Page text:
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Watermelons Can Help Muscle Recovery


Drinking a watermelons juice can relieve muscle soreness after exercise, new research suggests.

  • The amino acid L-citrulline in watermelons can cut an athlete’s recovery time and boost their performance
  • The chemical speeds up the process of lactic acid removal from the muscles which reduces soreness


It is believed that the amino acid L-citrulline, which is found in watermelons, can cut an athlete’s recovery time and boost their performance.

Watermelons juice has long been popular with sportspeople but scientists have now given them an excuse to continue indulging in the summer favourite.

In a report published in the Journal of Agricultural and Food Chemistry, the researchers explained that there had already been research to show that watermelon juice had antioxidant properties and the potential to increase muscle protein and enhance athletic performance.

However, this was the first time that scientists had explored the effectiveness of watermelon juice that is enriched with L-citrulline.

The team, led by Encarna Aguayo at the Technical University of Cartagena, in Spain, tested natural watermelon juice, watermelon juice enriched in L-citrulline, and a control drink containing no L-citrulline.

The drinks were given to volunteers an hour before exercise.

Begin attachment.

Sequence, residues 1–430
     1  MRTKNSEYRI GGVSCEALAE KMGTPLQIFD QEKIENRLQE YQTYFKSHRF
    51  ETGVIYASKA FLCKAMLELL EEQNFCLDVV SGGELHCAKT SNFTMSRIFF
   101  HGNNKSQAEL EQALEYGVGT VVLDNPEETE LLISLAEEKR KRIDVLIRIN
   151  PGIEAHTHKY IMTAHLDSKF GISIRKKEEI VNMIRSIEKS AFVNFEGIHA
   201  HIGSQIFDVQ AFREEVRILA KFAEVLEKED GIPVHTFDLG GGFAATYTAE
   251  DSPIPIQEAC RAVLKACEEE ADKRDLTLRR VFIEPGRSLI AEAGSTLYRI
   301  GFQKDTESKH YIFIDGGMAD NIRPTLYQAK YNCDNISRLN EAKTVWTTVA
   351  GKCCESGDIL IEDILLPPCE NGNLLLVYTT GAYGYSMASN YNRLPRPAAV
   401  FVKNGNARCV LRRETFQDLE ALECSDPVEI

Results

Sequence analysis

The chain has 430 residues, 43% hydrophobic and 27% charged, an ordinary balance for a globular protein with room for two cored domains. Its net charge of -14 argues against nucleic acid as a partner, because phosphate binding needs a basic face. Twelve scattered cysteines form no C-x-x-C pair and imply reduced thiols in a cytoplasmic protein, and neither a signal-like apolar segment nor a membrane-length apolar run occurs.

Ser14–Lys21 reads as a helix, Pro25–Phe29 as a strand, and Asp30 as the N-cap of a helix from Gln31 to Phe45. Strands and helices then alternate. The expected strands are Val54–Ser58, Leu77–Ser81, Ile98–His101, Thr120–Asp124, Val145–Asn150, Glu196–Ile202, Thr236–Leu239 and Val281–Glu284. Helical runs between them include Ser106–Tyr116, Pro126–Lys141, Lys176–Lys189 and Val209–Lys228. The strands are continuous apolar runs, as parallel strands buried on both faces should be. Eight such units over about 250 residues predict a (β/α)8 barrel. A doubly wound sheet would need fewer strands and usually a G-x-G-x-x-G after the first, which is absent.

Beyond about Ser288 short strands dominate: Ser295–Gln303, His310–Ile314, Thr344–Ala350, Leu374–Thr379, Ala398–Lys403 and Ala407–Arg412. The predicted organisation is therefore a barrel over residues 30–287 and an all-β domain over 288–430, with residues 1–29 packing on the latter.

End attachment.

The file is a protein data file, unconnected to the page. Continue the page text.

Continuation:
Both the natural juice and the enriched juice relieved muscle soreness in the volunteers.

L-citrulline in the natural juice (unpasteurised), however, seemed to be more bioavailable — in other words, it was in a form the body could better use.

It is believed the juice has this effect because the naturally occurring chemicals in it speed up the process of lactic acid removal.

This is important because lactic acid build-up can cause a burning sensation in the muscles and make them sore.

It is believed that the amino acid L-citrulline, which is found in watermelon, can cut an athlete's recovery time and that it can boost their performance

Previous research has suggested that watermelons can also help prevent heart disease by halting the build-up of harmful cholesterol.

The study, by Purdue University in the U.S., found the fruit halved the rate at which 'bad' low-density lipoprotein, or LDL, accumulated in mice.

LDL is a form of cholesterol that leads to clogged arteries and heart disease.

The researchers also found eating watermelon regularly helped to control weight gain and resulted in fewer fatty deposits inside blood vessels.

They also believe the secret to watermelon’s health-boosting properties lies in the citrulline contained within the juice.
For the full article & more from the Daily Mail click HERE.